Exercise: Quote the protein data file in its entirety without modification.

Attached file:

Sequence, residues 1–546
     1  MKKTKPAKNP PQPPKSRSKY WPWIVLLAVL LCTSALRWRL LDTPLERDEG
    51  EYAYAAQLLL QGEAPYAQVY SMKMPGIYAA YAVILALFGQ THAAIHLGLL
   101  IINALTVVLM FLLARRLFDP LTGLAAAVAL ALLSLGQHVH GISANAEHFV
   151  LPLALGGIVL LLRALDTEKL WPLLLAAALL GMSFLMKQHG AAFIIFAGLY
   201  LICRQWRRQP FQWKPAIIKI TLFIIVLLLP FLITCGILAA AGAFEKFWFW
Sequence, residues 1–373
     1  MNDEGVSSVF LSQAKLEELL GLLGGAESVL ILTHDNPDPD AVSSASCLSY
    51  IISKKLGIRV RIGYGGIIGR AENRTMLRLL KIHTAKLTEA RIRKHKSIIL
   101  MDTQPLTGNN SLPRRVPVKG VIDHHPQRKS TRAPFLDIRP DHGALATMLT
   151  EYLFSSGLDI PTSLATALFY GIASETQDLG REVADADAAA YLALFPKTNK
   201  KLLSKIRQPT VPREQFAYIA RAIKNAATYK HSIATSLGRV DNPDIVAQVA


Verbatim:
Sequence, residues 1–546
     1  MKKTKPAKNP PQPPKSRSKY WPWIVLLAVL LCTSALRWRL LDTPLERDEG
    51  EYAYAAQLLL QGEAPYAQVY SMKMPGIYAA YAVILALFGQ THAAIHLGLL
   101  IINALTVVLM FLLARRLFDP LTGLAAAVAL ALLSLGQHVH GISANAEHFV
   151  LPLALGGIVL LLRALDTEKL WPLLLAAALL GMSFLMKQHG AAFIIFAGLY
   201  LICRQWRRQP FQWKPAIIKI TLFIIVLLLP FLITCGILAA AGAFEKFWFW
Sequence, residues 1–373
     1  MNDEGVSSVF LSQAKLEELL GLLGGAESVL ILTHDNPDPD AVSSASCLSY
    51  IISKKLGIRV RIGYGGIIGR AENRTMLRLL KIHTAKLTEA RIRKHKSIIL
   101  MDTQPLTGNN SLPRRVPVKG VIDHHPQRKS TRAPFLDIRP DHGALATMLT
   151  EYLFSSGLDI PTSLATALFY GIASETQDLG REVADADAAA YLALFPKTNK
   201  KLLSKIRQPT VPREQFAYIA RAIKNAATYK HSIATSLGRV DNPDIVAQVA